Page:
Rashaan Salaam accomplished a feat every football player dreams of— winning a Heisman Trophy. The 1994 winner left behind a legacy, along with many records that might go untouched for years, if not decades. Salaam tragically took his life at a park in Boulder on Dec 5, 2016— days before another Heisman would be handed out at a celebration in New York City. Embattled by so-called “dark periods” of his life, Salaam’s final words read, “Some days good - Some days bad - F--- Rashaan Salaam - Don’t be sad!! - No funerals please.” Boulder police later found a second note in the car, behind the driver’s seat: “No funerals, wakes, memorials— let me be in peace!!”
CU alum and ESPN lead analyst Chris Fowler reflected on his memory of Salaam during this year’s Heisman weekend.
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Three years to the week since the Buffs’ Heisman Trophy winner ended his life, my mind has been on the wonderful times and lifelong memories Rashaan gave me. Here are some stories.. along with the plea that we all do better to recognize and support those like Rashaan who battle the disease of depression. @cubuffsfootball #heisman #buffs
Honorable mention: Mike MacIntyre named national Coach of the Year
Colorado assistant coach Joe Tumpkin charged with domestic violence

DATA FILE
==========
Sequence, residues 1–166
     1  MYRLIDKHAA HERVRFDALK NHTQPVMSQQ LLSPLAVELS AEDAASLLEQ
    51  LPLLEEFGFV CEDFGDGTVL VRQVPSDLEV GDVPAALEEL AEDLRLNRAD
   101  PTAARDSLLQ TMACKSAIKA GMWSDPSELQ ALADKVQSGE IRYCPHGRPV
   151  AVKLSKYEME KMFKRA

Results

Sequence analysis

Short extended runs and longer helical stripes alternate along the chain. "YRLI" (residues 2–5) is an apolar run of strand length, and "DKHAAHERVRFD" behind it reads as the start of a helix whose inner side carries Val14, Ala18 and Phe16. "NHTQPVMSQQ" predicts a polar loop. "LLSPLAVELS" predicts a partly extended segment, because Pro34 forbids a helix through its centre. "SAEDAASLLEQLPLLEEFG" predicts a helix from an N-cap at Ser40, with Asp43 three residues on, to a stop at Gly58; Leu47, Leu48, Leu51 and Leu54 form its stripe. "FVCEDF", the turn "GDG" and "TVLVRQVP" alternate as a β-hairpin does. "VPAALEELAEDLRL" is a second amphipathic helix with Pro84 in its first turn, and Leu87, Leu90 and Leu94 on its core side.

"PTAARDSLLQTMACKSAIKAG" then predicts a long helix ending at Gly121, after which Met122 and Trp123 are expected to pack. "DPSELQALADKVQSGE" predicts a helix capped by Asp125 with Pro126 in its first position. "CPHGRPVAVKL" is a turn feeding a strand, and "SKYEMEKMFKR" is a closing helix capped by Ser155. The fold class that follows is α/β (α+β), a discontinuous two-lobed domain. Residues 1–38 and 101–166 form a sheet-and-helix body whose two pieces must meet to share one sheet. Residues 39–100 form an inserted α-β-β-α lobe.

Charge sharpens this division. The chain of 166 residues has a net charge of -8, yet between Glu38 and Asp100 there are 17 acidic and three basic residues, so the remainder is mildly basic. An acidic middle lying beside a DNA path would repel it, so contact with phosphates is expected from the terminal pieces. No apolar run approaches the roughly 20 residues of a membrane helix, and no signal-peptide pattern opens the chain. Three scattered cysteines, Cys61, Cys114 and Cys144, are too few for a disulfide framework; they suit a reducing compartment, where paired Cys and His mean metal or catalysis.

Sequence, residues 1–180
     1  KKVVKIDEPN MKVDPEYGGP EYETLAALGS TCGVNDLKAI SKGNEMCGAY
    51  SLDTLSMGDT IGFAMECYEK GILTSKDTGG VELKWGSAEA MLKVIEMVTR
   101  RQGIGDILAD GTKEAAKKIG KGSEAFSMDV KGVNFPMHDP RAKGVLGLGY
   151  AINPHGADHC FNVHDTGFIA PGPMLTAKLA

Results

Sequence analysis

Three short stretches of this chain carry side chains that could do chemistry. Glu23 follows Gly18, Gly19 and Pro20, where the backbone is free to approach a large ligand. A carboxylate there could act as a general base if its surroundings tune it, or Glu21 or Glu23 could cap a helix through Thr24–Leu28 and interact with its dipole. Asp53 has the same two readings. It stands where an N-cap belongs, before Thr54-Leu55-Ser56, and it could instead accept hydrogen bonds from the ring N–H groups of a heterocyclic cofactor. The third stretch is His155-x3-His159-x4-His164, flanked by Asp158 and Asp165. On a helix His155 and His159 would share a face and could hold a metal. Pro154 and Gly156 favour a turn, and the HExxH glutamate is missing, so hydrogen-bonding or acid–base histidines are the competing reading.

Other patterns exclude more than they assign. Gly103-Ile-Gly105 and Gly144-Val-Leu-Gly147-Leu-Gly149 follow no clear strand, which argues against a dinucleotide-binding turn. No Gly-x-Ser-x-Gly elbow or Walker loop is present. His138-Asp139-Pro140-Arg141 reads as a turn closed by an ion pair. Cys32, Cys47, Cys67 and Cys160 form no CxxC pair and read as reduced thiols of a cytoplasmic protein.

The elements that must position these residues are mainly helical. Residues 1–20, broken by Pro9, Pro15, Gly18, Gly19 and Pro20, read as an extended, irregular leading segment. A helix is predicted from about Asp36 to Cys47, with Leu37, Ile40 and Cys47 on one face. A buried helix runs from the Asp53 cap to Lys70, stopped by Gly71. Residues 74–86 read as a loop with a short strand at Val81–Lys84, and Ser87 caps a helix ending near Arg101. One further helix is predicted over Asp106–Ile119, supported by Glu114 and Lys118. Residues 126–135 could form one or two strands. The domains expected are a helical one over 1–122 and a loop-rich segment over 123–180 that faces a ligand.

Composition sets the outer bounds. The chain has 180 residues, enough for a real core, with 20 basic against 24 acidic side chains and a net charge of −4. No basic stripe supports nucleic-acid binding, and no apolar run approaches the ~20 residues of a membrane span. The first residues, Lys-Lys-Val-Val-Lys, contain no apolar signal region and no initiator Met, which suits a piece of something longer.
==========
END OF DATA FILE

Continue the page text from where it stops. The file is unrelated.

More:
Former University of Colorado assistant coach Joe Tumpkin was formally charged on Jan. 31, 2017 with five felony counts of second-degree assault in relation to allegations that he physically abused his ex-girlfriend. The story first surfaced in 2016 but became a national story as Sports Illustrated reported details of CU mishandling the situation.
Honorable mention: Colorado Women’s DMR relay team win first national title; Phillip Lindsay carries the Buffs
Mel Tucker hired as head coach of Colorado Buffaloes
Colorado went south to find a replacement for Mike MacIntyre, hiring Georgia Bulldogs assistant Mel Tucker on Dec. 5, 2018. Tucker was noted as one of the most experienced assistants among the college ranks. He won two national championships at Ohio State as Jim Tressel’s defensive backs coach in 2002, and the other at Alabama for Nick Saban in 2015.
Honorable mentions: CU Women’s Cross Country team wins first national championship in 14 years; CU head coach Mike MacIntyre fired with one game remaining in 2018 season
‘Ralphie V’ retires
A bit of unexpected news came with the announcement that CU’s live mascot ‘Ralphie V’ would be retiring. The 13-year-old American Bison was donated to the university by media mogul Ted Turner in 2006. She lead the Buffs onto the field 76 times, including CU’s trip to San Antonio, Texas for the Alamo Bowl in 2016. Colorado has celebrated a live mascot over the past 53 years. ‘Ralphie V’ was the second-longest serving Ralphie— two games shy of the original Ralphie, who ran at 78 games over 12 seasons.
Honorable mentions: Colorado renews rivalry with Nebraska; CU hoops elevate in national prominence